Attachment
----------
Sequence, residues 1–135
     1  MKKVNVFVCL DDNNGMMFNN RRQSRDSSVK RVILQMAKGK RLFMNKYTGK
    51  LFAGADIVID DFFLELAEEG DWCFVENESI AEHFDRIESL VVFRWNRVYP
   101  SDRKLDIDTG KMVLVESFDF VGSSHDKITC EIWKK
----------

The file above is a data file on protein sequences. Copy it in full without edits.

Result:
Sequence, residues 1–135
     1  MKKVNVFVCL DDNNGMMFNN RRQSRDSSVK RVILQMAKGK RLFMNKYTGK
    51  LFAGADIVID DFFLELAEEG DWCFVENESI AEHFDRIESL VVFRWNRVYP
   101  SDRKLDIDTG KMVLVESFDF VGSSHDKITC EIWKK